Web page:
Blacks@Dartmouth 1775 to 1960

Charles Benjamin Dunbar

Physician, politician and Liberian colonist

alumnus image

Dartmouth Medical School M.D.

Class of 1853

Born  1829  NY

Died 1878 Monrovia Liberia

Quotes from Biographical Sources

Another of the African-American physicians, a mulatto who came to Liberia to serve was Dr. Charles Benjamin Dunbar. He was an extraordinary man who later became one of the most politically and professionally influential and wealthy figures in Liberia in the second half of the 19th century. Born in New York in December 1829, he trained at Dartmouth Medical School and graduated MD in 1853. He had a good medical practice in New York until 1859 when he decided to settle in Liberia. A few years earlier, he had first visited the new black Republic on the West African coast to assess the situation, particularly the prospects for profitable business.

That initial visit to Liberia convinced him that there were enormous opportunities to engage in profitable business in Liberia. While in Monrovia, Dr. Dunbar also resumed his medical practice and influenced many people in other ways. Outside the field of medicine, Dr. Dunbar was a farmer, a merchant, a lecturer at Liberia College, and a man interested in public affairs and actively involved in politics. As a farmer, he produced sugar cane. He and another business partner, Mr. M. T. DeCoursey, an African-American who emigrated to Liberia in 1851, and by the late 1850s was ‘a planter and manufacturer of sugar, coffee and dealer in African products.’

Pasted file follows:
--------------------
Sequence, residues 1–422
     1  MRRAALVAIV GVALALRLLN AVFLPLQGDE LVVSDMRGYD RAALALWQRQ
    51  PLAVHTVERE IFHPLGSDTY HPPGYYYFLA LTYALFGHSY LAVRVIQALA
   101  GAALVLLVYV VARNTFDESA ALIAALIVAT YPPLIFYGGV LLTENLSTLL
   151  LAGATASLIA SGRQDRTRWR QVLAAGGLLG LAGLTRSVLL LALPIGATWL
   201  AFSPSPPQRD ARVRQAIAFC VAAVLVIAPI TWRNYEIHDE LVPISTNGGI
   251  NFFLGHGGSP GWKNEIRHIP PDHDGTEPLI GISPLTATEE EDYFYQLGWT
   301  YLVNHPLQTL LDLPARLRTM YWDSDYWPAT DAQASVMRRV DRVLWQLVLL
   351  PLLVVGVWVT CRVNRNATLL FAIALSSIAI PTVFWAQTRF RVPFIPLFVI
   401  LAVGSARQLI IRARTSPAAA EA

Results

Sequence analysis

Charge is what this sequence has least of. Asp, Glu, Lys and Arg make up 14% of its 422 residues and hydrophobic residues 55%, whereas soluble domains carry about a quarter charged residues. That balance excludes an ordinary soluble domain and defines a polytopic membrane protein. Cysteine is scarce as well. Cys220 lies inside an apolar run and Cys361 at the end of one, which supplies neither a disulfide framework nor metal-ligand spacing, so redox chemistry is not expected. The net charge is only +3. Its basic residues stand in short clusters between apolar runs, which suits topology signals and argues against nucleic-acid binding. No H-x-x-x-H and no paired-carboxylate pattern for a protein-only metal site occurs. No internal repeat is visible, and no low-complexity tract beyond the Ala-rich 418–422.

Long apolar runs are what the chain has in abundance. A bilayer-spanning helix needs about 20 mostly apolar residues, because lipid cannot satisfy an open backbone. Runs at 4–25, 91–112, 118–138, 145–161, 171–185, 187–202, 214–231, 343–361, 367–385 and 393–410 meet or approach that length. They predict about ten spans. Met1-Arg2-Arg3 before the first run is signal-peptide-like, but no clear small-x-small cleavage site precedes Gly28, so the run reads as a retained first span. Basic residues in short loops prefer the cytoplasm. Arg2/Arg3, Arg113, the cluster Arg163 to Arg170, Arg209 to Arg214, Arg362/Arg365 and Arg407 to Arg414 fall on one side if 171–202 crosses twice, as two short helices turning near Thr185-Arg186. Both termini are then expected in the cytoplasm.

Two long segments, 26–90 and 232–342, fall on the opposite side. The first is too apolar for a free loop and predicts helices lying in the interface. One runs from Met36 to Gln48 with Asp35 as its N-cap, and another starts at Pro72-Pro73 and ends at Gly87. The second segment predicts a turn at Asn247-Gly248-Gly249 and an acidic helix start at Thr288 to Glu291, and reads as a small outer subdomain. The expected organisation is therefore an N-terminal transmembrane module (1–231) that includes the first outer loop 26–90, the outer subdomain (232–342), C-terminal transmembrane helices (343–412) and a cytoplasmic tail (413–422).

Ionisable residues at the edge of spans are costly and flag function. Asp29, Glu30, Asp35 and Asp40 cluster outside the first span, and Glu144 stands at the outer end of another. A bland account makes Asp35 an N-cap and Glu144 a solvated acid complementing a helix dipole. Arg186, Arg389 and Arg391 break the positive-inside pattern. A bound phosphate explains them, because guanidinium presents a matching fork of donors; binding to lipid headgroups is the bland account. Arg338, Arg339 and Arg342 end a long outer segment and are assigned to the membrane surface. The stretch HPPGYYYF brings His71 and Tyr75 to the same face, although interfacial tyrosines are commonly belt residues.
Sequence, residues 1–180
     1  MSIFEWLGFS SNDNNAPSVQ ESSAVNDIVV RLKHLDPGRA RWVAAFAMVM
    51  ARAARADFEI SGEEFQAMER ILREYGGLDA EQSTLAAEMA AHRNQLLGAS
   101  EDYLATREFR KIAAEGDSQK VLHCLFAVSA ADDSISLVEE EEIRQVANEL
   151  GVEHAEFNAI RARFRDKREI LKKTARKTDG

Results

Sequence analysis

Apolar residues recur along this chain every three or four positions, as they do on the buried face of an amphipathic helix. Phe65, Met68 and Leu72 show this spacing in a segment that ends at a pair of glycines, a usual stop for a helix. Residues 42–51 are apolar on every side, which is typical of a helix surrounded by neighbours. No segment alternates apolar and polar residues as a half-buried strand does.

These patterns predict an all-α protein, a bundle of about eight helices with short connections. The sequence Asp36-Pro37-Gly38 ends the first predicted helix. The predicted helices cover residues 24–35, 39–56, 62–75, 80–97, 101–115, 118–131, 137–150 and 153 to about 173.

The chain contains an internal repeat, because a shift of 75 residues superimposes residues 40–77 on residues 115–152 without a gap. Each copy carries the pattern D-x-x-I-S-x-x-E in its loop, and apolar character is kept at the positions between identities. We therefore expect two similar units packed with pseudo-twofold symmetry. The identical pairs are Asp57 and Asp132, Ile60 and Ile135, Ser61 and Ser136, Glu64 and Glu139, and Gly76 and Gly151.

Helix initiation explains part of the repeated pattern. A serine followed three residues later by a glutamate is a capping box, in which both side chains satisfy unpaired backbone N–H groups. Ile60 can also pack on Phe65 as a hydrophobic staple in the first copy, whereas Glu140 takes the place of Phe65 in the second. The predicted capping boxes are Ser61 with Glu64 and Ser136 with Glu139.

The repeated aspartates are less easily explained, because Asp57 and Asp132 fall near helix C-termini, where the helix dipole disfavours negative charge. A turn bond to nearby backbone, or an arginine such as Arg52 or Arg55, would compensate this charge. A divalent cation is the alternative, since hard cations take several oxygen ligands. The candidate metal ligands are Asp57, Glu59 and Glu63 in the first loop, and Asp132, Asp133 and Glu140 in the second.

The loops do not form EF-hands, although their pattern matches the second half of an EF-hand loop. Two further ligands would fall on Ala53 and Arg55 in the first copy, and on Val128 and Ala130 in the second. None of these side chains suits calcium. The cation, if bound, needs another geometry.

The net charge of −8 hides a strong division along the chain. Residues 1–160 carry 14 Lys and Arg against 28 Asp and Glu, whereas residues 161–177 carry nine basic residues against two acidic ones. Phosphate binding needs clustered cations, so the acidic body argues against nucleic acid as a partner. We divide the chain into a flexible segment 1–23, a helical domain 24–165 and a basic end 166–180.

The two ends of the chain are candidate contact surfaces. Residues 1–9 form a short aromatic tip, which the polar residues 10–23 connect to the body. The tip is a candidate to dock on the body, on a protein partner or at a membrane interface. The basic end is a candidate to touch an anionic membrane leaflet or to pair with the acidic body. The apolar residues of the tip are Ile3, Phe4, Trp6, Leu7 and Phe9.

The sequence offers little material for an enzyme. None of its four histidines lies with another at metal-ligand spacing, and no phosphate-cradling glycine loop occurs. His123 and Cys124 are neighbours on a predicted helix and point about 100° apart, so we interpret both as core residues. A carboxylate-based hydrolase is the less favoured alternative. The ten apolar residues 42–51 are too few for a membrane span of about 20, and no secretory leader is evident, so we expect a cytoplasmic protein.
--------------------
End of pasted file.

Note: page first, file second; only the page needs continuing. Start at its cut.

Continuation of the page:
Dr. Dunbar’s exchange of communications with one of Liberia’s leading intellectuals of the 19th century, Rev. Alexander Crummell, led to the latter writing a long letter to Dr. Dunbar, in which he set forth his views on the ‘Relations and Duties of Free Colored Men in America to Africa,’ published in New York in 186. It is one of the most detailed collections of ideas on the subject.

A man with a flamboyant personality, Dr. Dunbar was a Senator and very deeply involved in the turbulent political crisis that led to the removal of President Edward J. Roye from office on October 26, 1871. Dr. Dunbar died in Monrovia, Liberia, in 1878 and was buried on the grounds of the Palm Grove Cemetery Company, Monrovia. Liberia’s 9th President, Anthony William Gardner, paid him this high tribute, ‘It is with much sorrow and grief that I have to inform your honorable body (the Legislature) that since your last meeting Senator C. B. Dunbar departed this life, much lamented by his friends and the country. As a medical man, the loss of Dr. Dunbar will be felt in this community, if not throughout the Republic, for a long time to come; and as an industrious and enterprising farmer and as a loyal citizen, Dr. Dunbar’s loss is keenly felt.’ One of his children, Mr. Charles B. Dunbar, Jr., a graduate of Lincoln University, Pennsylvania, (1895), who was also a former Liberian Senator and Attorney-General, was one of only two blacks present at the Treaty of Versailles, France, which ended the First World War.[Condensed and edited]

Njoh, Joseph N. (2018). The Beginning and Growth of Modern Medicine in Liberia & The Founding of the John F. Kennedy Medical Center, Liberia, pp. 70-75. Nigeria: Panaf Publishing, Inc.

Other source(s)

  1. Kenney, John A. (1912). The Negro in Medicine (p. 7): Tuskegee Institute Press.
  2. Message of His Excellency President A. W. Gardner to the Legislature - December 12, 1878. (1879). Papers Relating to the Foreign Relations of the United States (Vol. 1, p. 711): U.S. Department of State, U.S. Government Printing Office.